For those not familiar with the volcano, it is situated off the northwest coast of Africa in the Canary Islands, an autonomous Spanish archipelago. While there is no danger to the United States from volcanic eruptions, it has been long theorized by researchers that a large enough eruption and earthquake may be capable of splitting a neighboring volcano, La Palma, in two, which would subsequently cause a land slide on a scale unprecedented in recorded human history. The result would be a massive Mega-Tsunami that would cross the Atlantic ocean, slamming into the Eastern cost of the United States, the Caribbean islands and parts of South America.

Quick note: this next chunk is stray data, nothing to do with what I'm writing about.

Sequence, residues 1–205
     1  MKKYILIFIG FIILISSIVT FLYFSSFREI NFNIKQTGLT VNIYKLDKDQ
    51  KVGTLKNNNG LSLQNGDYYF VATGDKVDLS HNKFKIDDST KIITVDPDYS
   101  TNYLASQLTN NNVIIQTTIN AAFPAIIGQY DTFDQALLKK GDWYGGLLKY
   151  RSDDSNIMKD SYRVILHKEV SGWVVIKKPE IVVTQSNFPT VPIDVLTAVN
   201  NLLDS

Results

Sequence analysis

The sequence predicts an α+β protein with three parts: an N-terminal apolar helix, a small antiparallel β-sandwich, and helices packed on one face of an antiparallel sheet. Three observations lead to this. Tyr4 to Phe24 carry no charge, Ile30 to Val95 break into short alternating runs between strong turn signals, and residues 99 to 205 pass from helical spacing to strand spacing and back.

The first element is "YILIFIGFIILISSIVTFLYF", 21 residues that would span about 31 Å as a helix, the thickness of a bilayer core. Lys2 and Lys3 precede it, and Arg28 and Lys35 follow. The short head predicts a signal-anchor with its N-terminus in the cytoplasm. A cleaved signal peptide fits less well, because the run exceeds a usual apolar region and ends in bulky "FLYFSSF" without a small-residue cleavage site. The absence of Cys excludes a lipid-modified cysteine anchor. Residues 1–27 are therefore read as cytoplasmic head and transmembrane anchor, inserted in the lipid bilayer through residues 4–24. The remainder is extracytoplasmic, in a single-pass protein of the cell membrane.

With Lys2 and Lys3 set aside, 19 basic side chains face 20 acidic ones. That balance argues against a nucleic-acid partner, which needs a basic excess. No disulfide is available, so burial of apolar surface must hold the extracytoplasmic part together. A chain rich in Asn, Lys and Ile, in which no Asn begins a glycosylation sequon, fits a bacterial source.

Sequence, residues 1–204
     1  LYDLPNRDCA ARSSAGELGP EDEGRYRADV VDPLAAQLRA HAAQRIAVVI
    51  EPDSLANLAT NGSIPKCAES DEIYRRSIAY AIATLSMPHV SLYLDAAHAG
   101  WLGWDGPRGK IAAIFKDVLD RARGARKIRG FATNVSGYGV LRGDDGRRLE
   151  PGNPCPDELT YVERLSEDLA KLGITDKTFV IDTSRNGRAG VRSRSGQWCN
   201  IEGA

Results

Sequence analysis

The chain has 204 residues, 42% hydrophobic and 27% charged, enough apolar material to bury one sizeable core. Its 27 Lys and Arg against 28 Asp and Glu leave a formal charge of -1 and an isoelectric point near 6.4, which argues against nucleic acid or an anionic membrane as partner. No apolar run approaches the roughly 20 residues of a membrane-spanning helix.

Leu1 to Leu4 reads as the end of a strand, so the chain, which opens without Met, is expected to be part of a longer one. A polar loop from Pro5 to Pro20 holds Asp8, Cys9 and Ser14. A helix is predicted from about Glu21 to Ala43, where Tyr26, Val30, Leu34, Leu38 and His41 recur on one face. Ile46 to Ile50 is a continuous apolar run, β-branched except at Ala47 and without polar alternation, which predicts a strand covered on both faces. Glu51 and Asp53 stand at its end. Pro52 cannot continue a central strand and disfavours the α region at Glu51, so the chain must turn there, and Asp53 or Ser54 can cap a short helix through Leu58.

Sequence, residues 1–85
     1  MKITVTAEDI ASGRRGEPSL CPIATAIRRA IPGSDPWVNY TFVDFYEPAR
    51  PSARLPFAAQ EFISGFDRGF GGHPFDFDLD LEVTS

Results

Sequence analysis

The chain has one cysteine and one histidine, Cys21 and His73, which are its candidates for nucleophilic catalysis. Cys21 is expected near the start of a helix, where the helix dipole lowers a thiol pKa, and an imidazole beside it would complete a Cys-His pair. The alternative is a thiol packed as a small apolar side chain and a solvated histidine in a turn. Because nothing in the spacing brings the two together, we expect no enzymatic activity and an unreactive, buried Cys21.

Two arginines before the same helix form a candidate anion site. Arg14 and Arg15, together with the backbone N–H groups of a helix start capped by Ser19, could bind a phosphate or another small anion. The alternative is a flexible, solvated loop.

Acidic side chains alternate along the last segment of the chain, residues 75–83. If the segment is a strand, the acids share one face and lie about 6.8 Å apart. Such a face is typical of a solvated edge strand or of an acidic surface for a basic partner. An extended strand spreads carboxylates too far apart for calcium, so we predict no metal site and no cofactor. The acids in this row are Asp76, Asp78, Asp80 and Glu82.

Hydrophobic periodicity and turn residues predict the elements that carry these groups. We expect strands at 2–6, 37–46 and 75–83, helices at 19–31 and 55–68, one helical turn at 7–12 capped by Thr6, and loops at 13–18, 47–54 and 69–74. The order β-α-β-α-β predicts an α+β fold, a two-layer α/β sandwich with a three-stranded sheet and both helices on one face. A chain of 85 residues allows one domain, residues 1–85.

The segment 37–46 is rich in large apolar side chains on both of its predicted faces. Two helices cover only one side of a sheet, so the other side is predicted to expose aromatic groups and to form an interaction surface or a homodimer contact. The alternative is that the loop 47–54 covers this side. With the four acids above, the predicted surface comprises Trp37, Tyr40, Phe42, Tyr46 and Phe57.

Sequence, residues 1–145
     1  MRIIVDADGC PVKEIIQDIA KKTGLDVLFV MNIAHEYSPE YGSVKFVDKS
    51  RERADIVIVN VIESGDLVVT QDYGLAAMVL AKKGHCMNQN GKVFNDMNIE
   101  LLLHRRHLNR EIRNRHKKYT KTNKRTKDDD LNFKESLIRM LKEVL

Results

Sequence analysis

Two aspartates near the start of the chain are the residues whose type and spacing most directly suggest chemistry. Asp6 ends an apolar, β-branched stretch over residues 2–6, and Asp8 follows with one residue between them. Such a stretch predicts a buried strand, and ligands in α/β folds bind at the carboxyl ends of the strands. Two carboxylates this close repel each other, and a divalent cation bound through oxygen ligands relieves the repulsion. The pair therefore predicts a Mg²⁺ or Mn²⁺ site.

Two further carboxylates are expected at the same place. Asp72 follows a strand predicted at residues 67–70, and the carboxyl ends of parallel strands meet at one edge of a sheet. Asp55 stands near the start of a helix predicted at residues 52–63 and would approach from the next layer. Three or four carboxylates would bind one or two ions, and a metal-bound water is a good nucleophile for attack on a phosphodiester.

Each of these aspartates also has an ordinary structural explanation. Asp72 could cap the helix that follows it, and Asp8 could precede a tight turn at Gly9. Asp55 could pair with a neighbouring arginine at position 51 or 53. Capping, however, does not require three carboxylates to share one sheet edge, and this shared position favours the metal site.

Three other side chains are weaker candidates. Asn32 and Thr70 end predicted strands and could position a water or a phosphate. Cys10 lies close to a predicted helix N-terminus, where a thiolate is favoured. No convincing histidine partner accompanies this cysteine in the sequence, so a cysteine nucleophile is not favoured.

While Tsunamis on this scale are incredibly rare according to researchers, a landslide in 1958 in Latuya Bay, Alaska caused a Mega Tsunami (video) whose wave was higher than the Empire State Building and washed over trees and land some 1,700 feet high above sea level.
The theorized landslide in the Canary Islands would involve rock masses that far exceed the Alaskan landslides, estimated to be 10,000 times as much mass, suggesting that the resulting Tsunami would easily exceed three thousand feet (30 times bigger than the the 2004 Indian ocean Tsunami) and travel at roughly 450 – 500 miles per hour. The wave would slam into the Eastern seaboard with extreme force threatening over 200 million people who live in states from Florida to Maine, the north eastern Canadian coast, the Caribbeans, Brazil and Venezuela.
Simon Day, of the College University of London, says the La Palma volcano, situated in the earthquake zone and less than 100 miles from Hierro, is a geological time bomb: